We can’t all avoid using buggy software (although I do quite well because I don’t use anything developed by Microsoft) but if we have a stable OS then application crashes don’t necessarily have to cause too much havoc on our computers as a whole.
I must admit that on occasions my MacBook Pro does get into a state where a forced reboot is the easiest (maybe the only) way to recover, but that really is very rare: probably about once every couple of months (and remember I really thrash my main machine by using it for many hours every day from multiple locations with many programs running).
Just to see if we really are progressing with the quest for stability I might research similar polls carried out in the past. It sounds like a job for Wolfram|Alpha except that so far I haven’t got it to produce anything useful beyond slight modifications of the demo questions they have made available. It might be back to Google and manual manipulation of the data I’m afraid!
During the Bush era (have you ever noticed how the time George Bush was president is referred to in similar terms to other dark eras in world history, like Stalinist Russia, Nazi Germany, etc) I used to joke with friends about the latest antics of the characters in the great farce of global politics, especially Donald Rumsfeld.
We would say something like “did you hear what Ol’ Rummy said the other day?” as if he was some sort of bumbling but lovable buffoon more worthy of an affectionate laugh than serious condemnation. Recent material seems to put a more sinister cast on his time in power though because there is a point when buffoonery becomes a lot more threatening.
So what am I talking about here? Various material has come to light recently which is so worrying that it not only makes the Bush administration look even worse than we thought but also puts genuine challenges in the path of the new administration in its efforts to regain some respect and trust of the US as a world power.
Here’s a few quotes from Rumsfeld’s reports to the president during the times the US invaded Afghanistan and Iraq…
A briefing delivered to the White House featured the famous scene where the statue of Saddam Hussein was being pulled down in Firdos Square (if this isn’t one of the greatest feats of propaganda in the history of war I don’t know what is). Just below the headline “Secretary of Defense” was a Bible quote from Psalms: “Behold, the eye of the Lord is on those who fear Him… To deliver their soul from death.”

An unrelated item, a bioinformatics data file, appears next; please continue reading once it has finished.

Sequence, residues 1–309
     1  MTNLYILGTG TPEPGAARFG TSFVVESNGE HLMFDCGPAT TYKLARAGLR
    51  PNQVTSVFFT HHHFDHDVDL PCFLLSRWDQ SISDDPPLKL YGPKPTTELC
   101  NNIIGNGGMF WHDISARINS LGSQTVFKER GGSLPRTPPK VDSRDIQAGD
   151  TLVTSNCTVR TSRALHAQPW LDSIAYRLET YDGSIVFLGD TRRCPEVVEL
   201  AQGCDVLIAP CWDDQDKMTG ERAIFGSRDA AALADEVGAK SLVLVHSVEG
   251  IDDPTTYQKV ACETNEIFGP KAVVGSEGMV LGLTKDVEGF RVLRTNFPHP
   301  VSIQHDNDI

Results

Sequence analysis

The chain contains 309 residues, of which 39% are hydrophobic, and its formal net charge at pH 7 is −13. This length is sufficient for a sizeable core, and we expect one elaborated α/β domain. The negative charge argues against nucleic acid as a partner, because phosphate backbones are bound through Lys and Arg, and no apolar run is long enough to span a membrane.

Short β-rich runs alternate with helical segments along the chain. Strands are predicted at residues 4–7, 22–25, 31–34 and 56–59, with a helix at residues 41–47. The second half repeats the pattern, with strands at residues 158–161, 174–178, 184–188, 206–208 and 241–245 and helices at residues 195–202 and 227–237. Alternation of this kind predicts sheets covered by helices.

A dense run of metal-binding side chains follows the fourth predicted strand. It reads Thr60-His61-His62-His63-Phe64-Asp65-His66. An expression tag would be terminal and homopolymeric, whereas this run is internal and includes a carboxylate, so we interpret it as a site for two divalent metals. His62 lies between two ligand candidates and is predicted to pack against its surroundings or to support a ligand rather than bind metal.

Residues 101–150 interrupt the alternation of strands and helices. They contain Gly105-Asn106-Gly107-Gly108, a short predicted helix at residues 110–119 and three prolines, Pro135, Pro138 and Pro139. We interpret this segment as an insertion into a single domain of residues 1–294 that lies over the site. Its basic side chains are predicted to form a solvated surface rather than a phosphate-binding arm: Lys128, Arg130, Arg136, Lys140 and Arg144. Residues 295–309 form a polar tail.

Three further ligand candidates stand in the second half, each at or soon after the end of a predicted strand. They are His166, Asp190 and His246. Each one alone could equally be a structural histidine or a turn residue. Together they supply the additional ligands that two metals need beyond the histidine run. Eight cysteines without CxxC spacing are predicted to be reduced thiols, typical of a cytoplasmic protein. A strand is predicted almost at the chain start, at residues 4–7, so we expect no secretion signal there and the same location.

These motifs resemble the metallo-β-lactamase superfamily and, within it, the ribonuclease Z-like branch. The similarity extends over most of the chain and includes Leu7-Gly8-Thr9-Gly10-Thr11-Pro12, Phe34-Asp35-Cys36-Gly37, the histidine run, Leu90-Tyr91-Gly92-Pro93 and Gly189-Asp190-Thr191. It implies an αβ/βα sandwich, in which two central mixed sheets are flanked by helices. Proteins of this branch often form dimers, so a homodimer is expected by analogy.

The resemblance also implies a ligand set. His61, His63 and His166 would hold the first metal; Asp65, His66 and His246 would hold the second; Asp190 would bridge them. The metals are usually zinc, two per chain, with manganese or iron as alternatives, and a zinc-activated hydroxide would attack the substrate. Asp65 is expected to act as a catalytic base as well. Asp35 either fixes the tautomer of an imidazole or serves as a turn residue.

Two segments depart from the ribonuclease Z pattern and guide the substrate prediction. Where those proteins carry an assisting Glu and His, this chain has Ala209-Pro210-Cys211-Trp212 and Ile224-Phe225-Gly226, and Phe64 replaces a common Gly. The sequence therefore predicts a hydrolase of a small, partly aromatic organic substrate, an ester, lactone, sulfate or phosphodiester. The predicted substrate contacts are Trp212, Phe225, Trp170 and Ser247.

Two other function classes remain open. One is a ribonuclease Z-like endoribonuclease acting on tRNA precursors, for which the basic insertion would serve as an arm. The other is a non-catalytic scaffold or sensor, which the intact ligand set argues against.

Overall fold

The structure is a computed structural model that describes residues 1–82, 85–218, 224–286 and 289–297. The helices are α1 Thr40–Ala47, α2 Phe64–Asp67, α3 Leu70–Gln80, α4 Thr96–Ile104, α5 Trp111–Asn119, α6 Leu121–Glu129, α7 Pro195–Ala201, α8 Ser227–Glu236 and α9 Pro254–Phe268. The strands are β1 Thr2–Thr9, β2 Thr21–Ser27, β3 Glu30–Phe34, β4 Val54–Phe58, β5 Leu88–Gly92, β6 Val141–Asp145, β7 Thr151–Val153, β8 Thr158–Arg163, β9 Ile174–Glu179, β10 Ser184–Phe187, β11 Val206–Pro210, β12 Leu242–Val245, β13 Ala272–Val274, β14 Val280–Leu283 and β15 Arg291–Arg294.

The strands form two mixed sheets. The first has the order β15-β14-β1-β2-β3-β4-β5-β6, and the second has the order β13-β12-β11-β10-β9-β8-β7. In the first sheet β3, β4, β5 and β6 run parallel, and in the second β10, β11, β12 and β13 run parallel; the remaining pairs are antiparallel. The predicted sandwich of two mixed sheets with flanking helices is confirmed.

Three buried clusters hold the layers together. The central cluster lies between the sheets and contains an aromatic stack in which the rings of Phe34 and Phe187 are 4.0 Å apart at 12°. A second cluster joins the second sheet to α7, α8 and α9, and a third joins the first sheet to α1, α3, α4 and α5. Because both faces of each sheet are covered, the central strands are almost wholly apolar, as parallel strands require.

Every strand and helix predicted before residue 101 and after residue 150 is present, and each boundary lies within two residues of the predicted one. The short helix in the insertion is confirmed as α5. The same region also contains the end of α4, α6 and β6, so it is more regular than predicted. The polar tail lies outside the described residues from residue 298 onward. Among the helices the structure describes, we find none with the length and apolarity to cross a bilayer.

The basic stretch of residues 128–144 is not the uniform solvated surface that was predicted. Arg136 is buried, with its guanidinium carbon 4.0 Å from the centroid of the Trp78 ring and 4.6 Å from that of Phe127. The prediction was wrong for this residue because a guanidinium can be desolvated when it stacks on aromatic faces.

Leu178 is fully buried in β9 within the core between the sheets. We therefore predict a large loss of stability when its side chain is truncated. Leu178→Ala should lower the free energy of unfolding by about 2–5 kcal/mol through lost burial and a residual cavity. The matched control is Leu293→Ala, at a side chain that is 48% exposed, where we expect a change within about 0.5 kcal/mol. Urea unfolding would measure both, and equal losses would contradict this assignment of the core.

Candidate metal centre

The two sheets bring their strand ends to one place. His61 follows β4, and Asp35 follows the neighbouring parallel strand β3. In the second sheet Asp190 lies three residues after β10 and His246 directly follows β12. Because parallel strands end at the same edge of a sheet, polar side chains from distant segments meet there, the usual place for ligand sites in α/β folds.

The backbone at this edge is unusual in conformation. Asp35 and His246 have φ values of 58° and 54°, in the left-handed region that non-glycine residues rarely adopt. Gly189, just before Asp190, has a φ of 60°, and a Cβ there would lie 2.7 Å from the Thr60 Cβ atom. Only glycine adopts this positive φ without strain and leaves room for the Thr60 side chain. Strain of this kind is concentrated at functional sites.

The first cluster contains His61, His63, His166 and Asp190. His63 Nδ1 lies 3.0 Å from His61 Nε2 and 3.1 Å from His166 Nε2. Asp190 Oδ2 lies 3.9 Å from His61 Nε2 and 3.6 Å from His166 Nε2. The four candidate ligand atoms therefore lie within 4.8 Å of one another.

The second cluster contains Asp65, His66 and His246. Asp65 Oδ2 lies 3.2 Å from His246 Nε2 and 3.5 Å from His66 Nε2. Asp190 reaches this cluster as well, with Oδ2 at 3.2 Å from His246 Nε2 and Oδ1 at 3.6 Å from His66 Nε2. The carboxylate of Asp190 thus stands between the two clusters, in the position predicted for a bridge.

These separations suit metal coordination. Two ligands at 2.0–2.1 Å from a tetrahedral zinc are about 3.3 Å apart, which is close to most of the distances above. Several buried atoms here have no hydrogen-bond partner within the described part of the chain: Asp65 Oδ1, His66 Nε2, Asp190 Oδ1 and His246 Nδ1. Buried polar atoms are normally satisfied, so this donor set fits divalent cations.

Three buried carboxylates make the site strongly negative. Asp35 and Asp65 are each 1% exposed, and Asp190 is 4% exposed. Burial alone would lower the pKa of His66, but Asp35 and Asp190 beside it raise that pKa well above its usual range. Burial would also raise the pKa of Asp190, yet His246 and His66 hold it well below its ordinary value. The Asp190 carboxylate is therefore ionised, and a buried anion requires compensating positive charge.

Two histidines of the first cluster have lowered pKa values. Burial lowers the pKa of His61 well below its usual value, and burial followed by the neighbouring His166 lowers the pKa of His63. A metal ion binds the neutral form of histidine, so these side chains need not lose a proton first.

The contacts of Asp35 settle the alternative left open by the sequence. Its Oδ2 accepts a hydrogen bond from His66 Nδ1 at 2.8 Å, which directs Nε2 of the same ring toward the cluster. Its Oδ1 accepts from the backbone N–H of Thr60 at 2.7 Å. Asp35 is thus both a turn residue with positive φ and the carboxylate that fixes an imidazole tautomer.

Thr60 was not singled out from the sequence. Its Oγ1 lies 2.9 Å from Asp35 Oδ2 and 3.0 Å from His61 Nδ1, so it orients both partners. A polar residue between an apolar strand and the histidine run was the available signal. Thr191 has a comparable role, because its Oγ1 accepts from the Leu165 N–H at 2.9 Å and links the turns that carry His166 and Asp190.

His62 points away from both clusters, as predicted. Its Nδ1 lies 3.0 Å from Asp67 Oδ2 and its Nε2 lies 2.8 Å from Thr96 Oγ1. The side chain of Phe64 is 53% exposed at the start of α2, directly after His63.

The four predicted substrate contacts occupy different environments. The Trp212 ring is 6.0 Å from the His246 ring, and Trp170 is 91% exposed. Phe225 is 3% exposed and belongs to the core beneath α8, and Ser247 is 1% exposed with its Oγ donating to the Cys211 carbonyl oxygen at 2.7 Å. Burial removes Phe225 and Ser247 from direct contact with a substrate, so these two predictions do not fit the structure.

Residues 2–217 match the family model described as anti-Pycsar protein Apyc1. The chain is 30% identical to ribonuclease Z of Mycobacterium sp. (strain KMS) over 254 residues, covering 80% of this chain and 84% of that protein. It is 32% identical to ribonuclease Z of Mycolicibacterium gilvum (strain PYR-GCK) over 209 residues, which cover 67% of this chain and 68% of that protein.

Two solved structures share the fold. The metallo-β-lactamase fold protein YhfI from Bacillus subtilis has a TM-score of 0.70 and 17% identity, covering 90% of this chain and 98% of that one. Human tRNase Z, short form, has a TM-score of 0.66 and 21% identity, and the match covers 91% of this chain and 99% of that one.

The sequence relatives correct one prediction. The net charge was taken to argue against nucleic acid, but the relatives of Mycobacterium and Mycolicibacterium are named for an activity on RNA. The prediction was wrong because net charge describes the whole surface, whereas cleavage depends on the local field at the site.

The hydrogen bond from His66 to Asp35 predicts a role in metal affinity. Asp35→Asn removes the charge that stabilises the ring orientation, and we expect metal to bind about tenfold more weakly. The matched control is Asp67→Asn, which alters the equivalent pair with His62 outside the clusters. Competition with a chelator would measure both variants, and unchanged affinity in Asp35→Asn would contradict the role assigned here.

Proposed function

Here’s another one, from a report showing a photo of a US tank with another quote from the Bible, this time Ephesians: “Therefore put on the full armor of God, so that when the day of evil comes, you may be able to stand your ground, and after you have done everything, to stand.”
And on another report featuring Saddam Hussein striking a dictatorial pose was this passage from the First Epistle of Peter: “It is God’s will that by doing good you should silence the ignorant talk of foolish men.”
So either Rumsfeld himself was a religious nutter or he used this violent religious imagery to manipulate someone who was (yes, that would be the president). I’m not sure which of the two options is the worst but it doesn’t really matter in the end because it shows how the US was making decisions based on paranoia, fantasy, and ignorance rather than facts and sound analysis of the military and political situation.
Sure we now have a sensible president with relatively good advisors in the US but it might be only a matter of time before the political pendulum swings back to having the crazies in charge. I’m not necessarily suggesting all Republicans are religious nutters – although a good proportion of them are. I’m suggesting that everyone should be cautious of any religiously motivated politician.
And that’s the problem with religion in the US. A large part of the population of the US takes religion far too seriously and it means that they are liable to make emotional decisions when voting which could lead to disaster for the US and the rest of the world.
Look at the situation dispassionately: why would decisions affecting the complex society of the modern world be made partly based on the writing of primitive tribes with no knowledge of the issues we now need to be aware of. Its time to move on. The Bible is a pile of contradictory, incompetent, delusional, violent, dangerous, badly written nonsense. Its only place is as a guide for social anthropologists to help understand the people of the time.
It should not be used by easily deceived, fantasy prone people who use old books and primitive beliefs as a shortcut to building a world view and a morality. There are important factors we face today: the environment, global politics, the direction of scientific progress, and many others which are barely mentioned in the Bible. I say this to George Bush, Donald Rumsfeld, and all the rest who use the Bible for their own incompetent or immoral purposes: its time to throw it away and move on!